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Two drugs show promise in remyelination


Two drugs that effectively treat multiple sclerosis at the source, in vivo, showed a striking reversal of disease severity. Treatments proved to be effective in both animal model and human cell experiments.

Neural degeneration prevention requires remyelination through new oligodendrocytes, which create the myelin sheath. These two drugs, miconazole and clobetasol, were found to treat the source of the problem by increasing the number of new oligodendrocytes and enhancing remyelination. Miconazole functions as a remyelinating drug with no effect on the immune system. Clobetasol is both an immunosuppressant and a remyelinating agent.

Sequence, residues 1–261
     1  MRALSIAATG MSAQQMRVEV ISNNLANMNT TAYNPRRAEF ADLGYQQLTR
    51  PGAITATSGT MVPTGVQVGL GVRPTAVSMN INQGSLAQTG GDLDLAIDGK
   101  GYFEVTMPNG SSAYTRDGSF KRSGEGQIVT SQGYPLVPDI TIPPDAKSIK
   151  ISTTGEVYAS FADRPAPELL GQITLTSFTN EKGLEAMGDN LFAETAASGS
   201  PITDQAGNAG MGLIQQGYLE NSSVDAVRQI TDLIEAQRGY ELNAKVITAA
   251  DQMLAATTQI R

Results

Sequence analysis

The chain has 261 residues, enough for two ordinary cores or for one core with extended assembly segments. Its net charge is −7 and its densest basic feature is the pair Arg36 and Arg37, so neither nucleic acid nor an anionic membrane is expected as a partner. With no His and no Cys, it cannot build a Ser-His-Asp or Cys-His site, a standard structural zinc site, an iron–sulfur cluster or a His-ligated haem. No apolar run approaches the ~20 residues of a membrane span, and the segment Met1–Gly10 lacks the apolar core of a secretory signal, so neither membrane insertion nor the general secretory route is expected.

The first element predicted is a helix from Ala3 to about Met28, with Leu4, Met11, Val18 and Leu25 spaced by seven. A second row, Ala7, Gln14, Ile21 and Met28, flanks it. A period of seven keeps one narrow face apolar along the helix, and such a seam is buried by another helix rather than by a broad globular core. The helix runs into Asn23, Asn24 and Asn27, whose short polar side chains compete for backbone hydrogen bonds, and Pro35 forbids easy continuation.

The two drugs are effective in promoting myelination in mice. Results of mouse model studies sometimes do not translate to humans and may be years away from being a marketable treatment. However, both drugs were shown to enhance the generation of human oligodendrocytes.

“While successful in vivo, we’re looking forward to continuing our research through further testing of miconazole and clobetasol, taking the next steps to finding treatments for MS,” said Robert Miller, Ph.D., co-author of the study and professor of anatomy and regenerative biology at the George Washington University School of Medicine and Health Sciences.

The research findings were published in the journal Nature.

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